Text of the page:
It’s about 2,150 miles from Camp Pendleton, Calif., to Fort Benning. That’s the distance, give or take a few miles, John Coté walked in just under 100 days; he left Camp Pendleton April 1 and arrived on post July 7.
The reason for his trek? Coté wanted to support the Fisher House Foundation, a charity that provides housing for family members of patients receiving care at military and Veterans Affairs medical centers. Through the walk, he raised $36,000 for the foundation.
The son of a World War II and Korean War Infantry officer — his dad was wounded in both conflicts — Coté became intrigued by the Fisher House mission when he first heard about it in 2003. Exactly one year before his arrival at Fort Benning, Coté decided what he would do to make a difference, he said.
“I knew it mattered. I got to thinking: I have to do something to participate in this effort, so I chose to walk,” said Coté, who trained for eight months before he began his journey.
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Coté covered about 22 miles a day for 98 days, doubling back to drive his car from point to point along the way. He chose to start his walk at a Marine base and end it at an Army post because those are the two services that currently have the most wounded warriors.
“Really the whole thing I wanted to do is to raise awareness for the families of wounded military,” he said. “The family is hugely important … especially to a wounded service person. The Army Family actually means something — it’s not just a slogan, and Fisher House really understands how important it was to have wife, girlfriend, sister, mother, father, brother at the side of that wounded Soldier who just lost an arm. It’s so important to the healing.”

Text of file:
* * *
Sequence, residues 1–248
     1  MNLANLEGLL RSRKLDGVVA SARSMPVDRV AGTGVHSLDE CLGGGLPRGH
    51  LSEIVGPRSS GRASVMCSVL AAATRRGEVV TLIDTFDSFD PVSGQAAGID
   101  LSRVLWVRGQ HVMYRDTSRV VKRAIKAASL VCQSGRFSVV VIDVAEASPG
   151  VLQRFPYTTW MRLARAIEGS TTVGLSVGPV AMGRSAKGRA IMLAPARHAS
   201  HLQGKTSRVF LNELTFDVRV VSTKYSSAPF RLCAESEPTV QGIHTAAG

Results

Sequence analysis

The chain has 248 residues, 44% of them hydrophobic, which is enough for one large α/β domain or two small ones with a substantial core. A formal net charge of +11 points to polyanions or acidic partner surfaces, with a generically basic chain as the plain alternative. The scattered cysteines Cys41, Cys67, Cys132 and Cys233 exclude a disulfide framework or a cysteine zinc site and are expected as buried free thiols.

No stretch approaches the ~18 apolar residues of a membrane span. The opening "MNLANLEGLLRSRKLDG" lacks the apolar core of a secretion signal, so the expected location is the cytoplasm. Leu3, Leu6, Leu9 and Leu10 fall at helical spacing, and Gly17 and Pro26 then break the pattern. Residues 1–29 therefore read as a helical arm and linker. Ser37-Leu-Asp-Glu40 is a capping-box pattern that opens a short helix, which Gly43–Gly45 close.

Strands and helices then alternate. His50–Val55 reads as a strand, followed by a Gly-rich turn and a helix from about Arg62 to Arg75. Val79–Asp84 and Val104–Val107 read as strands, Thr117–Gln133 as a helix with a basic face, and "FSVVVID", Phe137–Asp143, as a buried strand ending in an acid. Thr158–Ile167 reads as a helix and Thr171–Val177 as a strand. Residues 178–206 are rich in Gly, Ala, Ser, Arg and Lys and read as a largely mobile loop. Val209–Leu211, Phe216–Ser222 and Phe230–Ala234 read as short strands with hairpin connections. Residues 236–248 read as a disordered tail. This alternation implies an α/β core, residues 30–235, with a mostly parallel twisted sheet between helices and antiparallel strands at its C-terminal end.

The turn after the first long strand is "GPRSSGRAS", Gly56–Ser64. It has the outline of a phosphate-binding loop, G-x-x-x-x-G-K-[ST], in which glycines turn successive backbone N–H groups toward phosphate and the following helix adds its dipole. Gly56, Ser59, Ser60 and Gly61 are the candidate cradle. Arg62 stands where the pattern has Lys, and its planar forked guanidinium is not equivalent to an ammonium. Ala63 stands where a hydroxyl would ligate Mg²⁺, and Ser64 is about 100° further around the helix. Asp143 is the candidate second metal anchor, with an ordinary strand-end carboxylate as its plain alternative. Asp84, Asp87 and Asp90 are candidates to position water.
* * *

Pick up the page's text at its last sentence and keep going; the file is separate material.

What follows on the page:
Cindy Campbell, community liaison for the Fisher House, said that’s what having family nearby translates to: “an environment conducive to healing.”
“As soon as you walk in the door, you really feel a sense of family support and caring,” she said. “It’s a place where your family can be around you and help you heal.”
There’s no cost or time limit for families of service members or veterans, and the wounded warrior is invited to stay in the suite, too, while continuing the process of long-term care.Lauren Rogan, who PCSed to Fort Benning about a year ago, remembers when her husband, 2LT Jay Brend, needed a routine surgery at Walter Reed Army Medical Center.
She stayed on the hospital campus, dined in the cafeteria and saw many of the injured men and women who were healing there.
“I saw young — very young — Soldiers eating dinner with their new wives. I remember seeing another Soldier with a leg amputation above the knee. He was fitted with a prosthetic device and was … I remember feeling shocked because he was bouncing around, full of energy and excitement despite the obvious life-altering injury. It appeared that this Soldier was accompanied by his civilian brother and the pair were on their way to go shoot hoops,” Rogan said.
“My sadness at seeing the sick and injured was buoyed by the sense of comfort and normalcy that came from having the military members’ loved ones present. There must have been 10 other groups of family members and friends also waiting.”That’s why the Rogans decided to give to the Walk for Warriors fund, which supports the Fisher House. “I don’t think anyone knew how unseasonably hot this summer was going to be — all the more credit to Mr. Coté’s incredible physical endeavor — what a selfless sacrifice of time, energy and sneakers,” Rogan said. Coté’s stay on Fort Benning was brief. Although his son, SPC John Claude Coté, is in Ranger School, he wasn’t able to visit him on this trip. Coté said he planned to return to California with a commitment to continue raising awareness about wounded warriors and military families.
“It’s kind of an outrageous thing to do — leave your job, leave everything, and go walk across the country,” he said. “Well, you almost have to do that to shock people out of their complacency. The key for me was … do the mileage. I didn’t want to have a luxury deal. I wanted to pound it out. I wanted it to be challenging, and it was. It was the greatest experience of my life.”
To read more about Coté’s journey, visit www.walkforwarriors.blogspot.com. For more on the Fisher House Foundation, go to www.fisherhouse.org.